So, why have two lists? Database-level rules are great for providing fine-grained control over access to databases on a logical server that might have many databases on it. The database-level rules are also good for the mobility of the database. When the firewall rules are set at the database level, the database can be moved to other servers and the rules will still apply. Sure, the clients will have to change which sever they point to, but you won't have to recreate all the firewall rules for that database on the other server. Also, since the database-level rules are stored within the database, replication will mirror the rules across the replicas automatically.

Server-level rules are great for your administration clients, which need to get to all the databases on a given server, or if you just have a handful of databases and all clients are coming from the same IP ranges. The level you choose is dependent on your scenario but the more fine-grained control, the better. 

It is important to note that Azure Synapse Analytics does not have database-level firewall rules, only server-level rules. Also, the server-level rules are cached at the database level in memory for performance reasons, which means that if you remove a server-level rule, it might not immediately block requests on new connections. You might need to run DBCC FLUSHAUTHCACHE at the database level if you want it to immediately block requests. For active connections, you'd need to use the KILL command to kill the connections first.

Tips for Using Azure SQL Database Firewall Rules

Now that you understand a little more about Azure SQL Database firewall rules, the following are a few tips for using them:

  • Create a standard for your firewall rule names. Some of the tooling that will automatically create Azure SQL Database firewall rules for you, such as Azure Data Studio, SQL Server Management Studio (SSMS), and the Azure Portal, will default to a horrible name for the rule (e.g., "ClientIPAddress_2020-4-14_14-57-10"). This naming convention isn't helpful other than to tell you when the rule was created. Azure Portal and SSMS allow you to specify a rule name (although it still defaults to the horrible naming convention), as does the command-line tooling. Come up with a strategy for naming the rules so that it's more obvious as to what each rule is for. Names such as "Charlotte HeadQuarters Primary" and "MWood-HomeOffice" are at least somewhat helpful. "ClientIPAddress_2020-4-14," not as much. Nor is naming a rule by the IP address. (Yes, I've seen this before and it's as helpful as it sounds.)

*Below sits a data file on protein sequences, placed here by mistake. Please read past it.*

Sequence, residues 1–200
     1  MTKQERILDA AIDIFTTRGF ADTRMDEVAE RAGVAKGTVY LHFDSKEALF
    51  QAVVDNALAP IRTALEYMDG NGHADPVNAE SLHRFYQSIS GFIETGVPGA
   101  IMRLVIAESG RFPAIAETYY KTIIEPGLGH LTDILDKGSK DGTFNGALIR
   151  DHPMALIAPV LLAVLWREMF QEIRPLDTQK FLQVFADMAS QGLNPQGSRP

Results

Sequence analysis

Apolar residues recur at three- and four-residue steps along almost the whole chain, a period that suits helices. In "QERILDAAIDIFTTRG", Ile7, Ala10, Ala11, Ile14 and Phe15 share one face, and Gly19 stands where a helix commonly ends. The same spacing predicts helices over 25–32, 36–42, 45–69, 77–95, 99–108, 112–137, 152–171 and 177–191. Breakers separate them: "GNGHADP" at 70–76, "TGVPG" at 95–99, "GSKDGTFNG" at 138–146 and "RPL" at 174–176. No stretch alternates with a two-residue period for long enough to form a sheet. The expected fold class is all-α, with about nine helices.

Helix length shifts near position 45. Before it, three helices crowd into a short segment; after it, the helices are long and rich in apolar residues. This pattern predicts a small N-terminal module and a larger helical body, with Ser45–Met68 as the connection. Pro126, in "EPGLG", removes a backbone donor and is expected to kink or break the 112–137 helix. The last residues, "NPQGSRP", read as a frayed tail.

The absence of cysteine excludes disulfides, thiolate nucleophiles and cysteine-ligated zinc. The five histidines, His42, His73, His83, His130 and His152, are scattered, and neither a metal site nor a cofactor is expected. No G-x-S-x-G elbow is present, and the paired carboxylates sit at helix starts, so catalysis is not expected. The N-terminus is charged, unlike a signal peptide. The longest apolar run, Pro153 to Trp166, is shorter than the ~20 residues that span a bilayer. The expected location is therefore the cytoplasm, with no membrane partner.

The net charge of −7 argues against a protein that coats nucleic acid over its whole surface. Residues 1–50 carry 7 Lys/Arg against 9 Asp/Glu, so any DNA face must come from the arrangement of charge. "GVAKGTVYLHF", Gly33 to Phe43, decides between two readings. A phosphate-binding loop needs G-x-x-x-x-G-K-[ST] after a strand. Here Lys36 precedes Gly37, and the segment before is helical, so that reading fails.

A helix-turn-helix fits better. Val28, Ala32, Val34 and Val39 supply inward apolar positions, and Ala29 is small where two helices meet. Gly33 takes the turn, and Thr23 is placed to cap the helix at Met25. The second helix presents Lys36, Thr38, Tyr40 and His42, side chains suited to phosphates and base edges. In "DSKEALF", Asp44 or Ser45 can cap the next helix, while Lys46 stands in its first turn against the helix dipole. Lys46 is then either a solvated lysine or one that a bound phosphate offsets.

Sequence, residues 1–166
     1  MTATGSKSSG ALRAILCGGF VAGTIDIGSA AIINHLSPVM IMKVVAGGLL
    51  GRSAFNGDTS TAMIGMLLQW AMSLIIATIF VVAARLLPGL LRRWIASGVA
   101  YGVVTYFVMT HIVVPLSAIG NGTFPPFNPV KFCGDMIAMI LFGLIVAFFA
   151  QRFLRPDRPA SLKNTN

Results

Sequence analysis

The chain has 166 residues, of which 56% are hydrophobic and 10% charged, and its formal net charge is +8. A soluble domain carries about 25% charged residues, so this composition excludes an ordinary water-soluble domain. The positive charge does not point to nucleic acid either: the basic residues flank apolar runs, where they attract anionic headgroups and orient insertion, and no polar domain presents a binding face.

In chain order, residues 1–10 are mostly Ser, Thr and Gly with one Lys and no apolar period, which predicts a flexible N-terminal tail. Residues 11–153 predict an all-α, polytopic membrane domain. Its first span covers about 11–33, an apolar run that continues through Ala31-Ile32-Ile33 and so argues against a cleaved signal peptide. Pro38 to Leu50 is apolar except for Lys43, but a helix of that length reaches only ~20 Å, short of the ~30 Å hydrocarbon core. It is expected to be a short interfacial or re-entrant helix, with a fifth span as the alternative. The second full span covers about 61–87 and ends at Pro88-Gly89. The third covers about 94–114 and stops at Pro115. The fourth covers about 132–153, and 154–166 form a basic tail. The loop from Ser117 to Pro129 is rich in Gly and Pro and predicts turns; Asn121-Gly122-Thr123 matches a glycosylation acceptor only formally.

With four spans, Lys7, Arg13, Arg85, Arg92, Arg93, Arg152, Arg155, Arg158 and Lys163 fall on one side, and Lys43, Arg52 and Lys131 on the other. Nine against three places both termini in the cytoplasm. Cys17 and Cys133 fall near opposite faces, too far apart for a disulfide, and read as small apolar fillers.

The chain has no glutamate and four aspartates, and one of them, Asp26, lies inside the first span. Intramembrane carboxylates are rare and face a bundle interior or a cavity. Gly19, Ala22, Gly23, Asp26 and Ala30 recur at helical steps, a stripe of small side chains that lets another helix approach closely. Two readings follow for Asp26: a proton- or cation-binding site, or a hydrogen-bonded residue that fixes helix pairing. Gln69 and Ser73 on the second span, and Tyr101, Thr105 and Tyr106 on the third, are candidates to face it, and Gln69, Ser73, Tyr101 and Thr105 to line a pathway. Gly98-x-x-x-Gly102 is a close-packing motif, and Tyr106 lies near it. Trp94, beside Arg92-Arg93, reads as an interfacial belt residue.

• Review your Azure SQL Database firewall rules often. You can leverage Azure SQL Database Auditing to capture changes to firewall rules at both the server and database level, or you can use PowerShell to return a list of the rules you have in place. If you decide not to use Azure SQL Database Firewall rules, and instead choose one of the methods I'll cover in future blog posts (e.g., Private Link), you will definitely still want to audit your Azure SQL Database firewall to ensure no one is creating a hole around your desired configuration.
  • If you see a firewall rule you don't recognize or that doesn't fit your naming rules, remove it. Work with your team to explain why it is important for these rules to be identifiable and validated regularly.
  • Don't be afraid to use database-level rules, although they can only be created via T-SQL.  

What's Next?

In upcoming blog posts, I will cover additional ways you can secure access to your data on Azure SQL Database, including Private Link and service endpoints. The second blog in this series will cover how, even with the firewall capability, strong authentication is still very important.

Additional "Securing Azure SQL Database" Blog Posts

Mike (@mikewo) is the Cloud Engineering Manager for SentryOne, working on cloud based products, services, and related technologies. Mike has over 20 years of experience in the industry, and for the last decade has been focusing on cloud technologies. He was one of the first Microsoft Azure MVPs, first recognized in 2010, and has been awarded an MVP each year since. Mike also blogs at mvwood.com.